Human rights matter for us all
"Islamophobia is blighting the lives of many of our students. Anti-muslim statements by politicians and other opinion formers are dangerous for everyone in our society.
The growth of any one form of racism permits all other forms of racism to re-emerge. We must do all we can to ensure Islamophobia does not become ‘respectable’ racism but is tackled vigorously in all our schools and communities.” In order to challenge and end anti-Muslim prejudice and all forms of racism effectively, we all need to confront and condemn it where we see it and commit to raising awareness in others of its wider effects." - Kevin Courtney, Joint General Secretary
‘’Tackling Islamophobia and all forms of racism is not only the responsibility of Muslims or ethnic minorities, but nor is it only the government or the state that must show greater responsibility in tackling it. Employers, neighbours, teachers and fellow citizens must all work to raise awareness and to act to combat racism wherever and however it appears.” - (The Runnymede Trust 2017)
The National Education Union is concerned at the insidious ways in which Islamophobia is operating and intersecting at structural, community, cultural and interpersonal levels and is becoming part of the fabric of society. The normalisation of what is essentially antiMuslim racism must not be allowed to pervasively blight and affect the lives of Muslims, and everyone perceived to be Muslim. It undermines the concept of equal rights for all and as such undermines British democracy.
This statement also follows an NEU roundtable event with key Muslim-led NGOs, teachers and academics that explored the key factors which impact on high quality education for all. The statement is designed to be used alongside a range of materials for challenging Islamophobia in education - some of which are listed in Appendix 1 and some of which we will be adding to our website in the near future. The statement marks a new stage in the NEU’s work.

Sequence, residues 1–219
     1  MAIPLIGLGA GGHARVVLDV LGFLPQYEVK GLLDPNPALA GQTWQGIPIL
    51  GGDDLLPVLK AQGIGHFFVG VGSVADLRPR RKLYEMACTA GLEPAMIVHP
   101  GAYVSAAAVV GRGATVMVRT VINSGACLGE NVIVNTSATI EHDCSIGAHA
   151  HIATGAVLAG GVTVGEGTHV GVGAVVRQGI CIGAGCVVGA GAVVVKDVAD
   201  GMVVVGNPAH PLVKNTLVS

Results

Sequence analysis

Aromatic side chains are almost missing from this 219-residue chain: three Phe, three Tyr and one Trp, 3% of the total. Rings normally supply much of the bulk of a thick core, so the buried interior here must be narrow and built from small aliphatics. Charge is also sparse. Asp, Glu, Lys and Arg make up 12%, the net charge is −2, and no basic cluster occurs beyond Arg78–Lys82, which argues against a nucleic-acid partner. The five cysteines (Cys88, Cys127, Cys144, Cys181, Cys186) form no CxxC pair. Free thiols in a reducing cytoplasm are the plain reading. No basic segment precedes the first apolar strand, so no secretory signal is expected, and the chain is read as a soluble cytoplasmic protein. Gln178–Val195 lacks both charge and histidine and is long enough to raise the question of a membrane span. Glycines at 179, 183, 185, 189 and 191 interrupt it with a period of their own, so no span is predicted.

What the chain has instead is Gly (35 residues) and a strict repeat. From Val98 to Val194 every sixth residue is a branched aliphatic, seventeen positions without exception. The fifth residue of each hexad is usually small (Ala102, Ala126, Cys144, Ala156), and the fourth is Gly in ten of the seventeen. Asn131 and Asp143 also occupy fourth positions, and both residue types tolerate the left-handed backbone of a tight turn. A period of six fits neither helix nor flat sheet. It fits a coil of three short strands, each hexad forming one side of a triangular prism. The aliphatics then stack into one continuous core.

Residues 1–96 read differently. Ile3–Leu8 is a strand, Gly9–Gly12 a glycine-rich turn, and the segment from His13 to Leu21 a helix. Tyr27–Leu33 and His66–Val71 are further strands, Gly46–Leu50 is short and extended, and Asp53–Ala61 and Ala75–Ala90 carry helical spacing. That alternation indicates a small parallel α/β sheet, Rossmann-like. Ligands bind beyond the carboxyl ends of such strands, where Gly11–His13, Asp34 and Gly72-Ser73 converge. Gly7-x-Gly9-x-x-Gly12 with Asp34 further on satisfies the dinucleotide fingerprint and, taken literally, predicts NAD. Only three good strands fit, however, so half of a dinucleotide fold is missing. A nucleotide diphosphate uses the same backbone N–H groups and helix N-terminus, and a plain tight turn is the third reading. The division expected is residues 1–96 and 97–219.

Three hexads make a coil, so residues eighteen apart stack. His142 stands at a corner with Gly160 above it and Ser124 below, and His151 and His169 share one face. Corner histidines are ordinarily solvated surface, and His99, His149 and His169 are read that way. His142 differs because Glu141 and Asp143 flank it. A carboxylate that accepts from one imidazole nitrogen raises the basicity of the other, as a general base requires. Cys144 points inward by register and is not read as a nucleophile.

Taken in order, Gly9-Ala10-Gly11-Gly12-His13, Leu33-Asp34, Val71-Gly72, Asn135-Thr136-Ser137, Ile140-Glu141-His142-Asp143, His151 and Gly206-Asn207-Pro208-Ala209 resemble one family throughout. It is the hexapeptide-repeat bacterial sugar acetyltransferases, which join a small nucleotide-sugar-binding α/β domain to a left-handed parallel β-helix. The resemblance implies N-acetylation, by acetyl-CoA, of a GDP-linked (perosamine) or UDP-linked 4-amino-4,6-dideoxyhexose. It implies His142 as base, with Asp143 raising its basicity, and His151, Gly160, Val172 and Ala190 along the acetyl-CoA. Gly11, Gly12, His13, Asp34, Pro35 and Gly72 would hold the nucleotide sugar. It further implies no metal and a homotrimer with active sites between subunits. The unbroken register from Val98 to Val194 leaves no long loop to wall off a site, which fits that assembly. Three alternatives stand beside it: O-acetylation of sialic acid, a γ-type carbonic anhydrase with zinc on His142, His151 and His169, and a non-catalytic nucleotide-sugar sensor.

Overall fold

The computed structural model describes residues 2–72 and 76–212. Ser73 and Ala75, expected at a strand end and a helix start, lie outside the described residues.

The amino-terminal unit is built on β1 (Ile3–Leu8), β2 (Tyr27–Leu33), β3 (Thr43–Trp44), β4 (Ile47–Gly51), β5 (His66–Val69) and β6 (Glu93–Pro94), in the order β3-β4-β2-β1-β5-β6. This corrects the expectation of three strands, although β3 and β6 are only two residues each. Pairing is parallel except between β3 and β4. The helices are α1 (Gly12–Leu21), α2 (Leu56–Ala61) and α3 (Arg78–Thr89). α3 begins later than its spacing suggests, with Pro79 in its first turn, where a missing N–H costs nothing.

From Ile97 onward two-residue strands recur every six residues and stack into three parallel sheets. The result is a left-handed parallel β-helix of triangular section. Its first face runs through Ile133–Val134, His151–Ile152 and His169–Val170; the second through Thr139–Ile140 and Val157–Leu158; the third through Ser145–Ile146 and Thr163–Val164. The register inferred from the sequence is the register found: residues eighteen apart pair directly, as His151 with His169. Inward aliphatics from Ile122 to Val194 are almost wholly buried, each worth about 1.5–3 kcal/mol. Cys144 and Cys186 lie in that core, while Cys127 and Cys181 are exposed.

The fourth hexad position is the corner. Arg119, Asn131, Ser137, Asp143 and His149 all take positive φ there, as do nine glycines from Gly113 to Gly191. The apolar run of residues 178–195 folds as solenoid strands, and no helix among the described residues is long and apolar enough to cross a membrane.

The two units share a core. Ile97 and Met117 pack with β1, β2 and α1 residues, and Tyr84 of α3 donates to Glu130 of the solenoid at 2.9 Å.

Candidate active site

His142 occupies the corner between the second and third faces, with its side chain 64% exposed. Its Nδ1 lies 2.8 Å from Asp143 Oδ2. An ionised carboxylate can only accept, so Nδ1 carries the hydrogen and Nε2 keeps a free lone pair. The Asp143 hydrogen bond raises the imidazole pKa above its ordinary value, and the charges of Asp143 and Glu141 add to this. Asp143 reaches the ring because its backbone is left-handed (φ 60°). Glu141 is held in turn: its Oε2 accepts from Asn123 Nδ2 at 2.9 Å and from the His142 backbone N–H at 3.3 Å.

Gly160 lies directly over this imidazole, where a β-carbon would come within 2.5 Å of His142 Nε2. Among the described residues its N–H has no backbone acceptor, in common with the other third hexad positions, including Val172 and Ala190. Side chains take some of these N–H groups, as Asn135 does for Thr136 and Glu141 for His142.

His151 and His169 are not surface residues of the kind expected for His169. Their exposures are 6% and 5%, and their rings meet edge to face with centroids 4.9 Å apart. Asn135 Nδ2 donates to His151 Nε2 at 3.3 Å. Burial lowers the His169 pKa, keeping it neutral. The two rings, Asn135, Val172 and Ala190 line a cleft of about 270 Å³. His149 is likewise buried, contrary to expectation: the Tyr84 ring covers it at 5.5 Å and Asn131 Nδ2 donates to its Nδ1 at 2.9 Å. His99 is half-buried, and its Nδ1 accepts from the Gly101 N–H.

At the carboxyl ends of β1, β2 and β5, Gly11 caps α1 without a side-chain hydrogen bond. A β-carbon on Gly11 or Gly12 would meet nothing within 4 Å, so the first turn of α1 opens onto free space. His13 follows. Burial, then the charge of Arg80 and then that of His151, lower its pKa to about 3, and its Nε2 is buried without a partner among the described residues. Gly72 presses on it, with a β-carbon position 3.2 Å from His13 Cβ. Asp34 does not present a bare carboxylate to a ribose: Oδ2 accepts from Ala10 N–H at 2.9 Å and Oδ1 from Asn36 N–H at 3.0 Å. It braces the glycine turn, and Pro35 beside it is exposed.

The amalgamation of the NUT and ATL has made the NEU the largest education union in Europe and this affords the opportunity to do more to influence educational initiatives to tackle Islamophobia and offer more support for those on the receiving end.
In November 2018 the Islamic Human Rights Commission (IHRC) published a Counter - Islamophobia toolkit with explanations of 10 key narratives and counter narratives of Islamophobia. They confirm that: “In effect, Islamophobia has become part of the fabric of a national story of what it means to be British.
Not only is Britishness navigated through a denial of Muslimness, it is also represented through the articulation of supremacism as a normal facet of law and nation. Therefore, for counter narratives to be effective they need to operate at every level of society, most crucially the state and media, and confront issues such as structural racism that are wider and more-deep rooted than Islamophobia per se.”
In the resources section (Appendix 1) there are links to the IHRC documents and their excellent toolkit for developing counter Islamophobic narratives.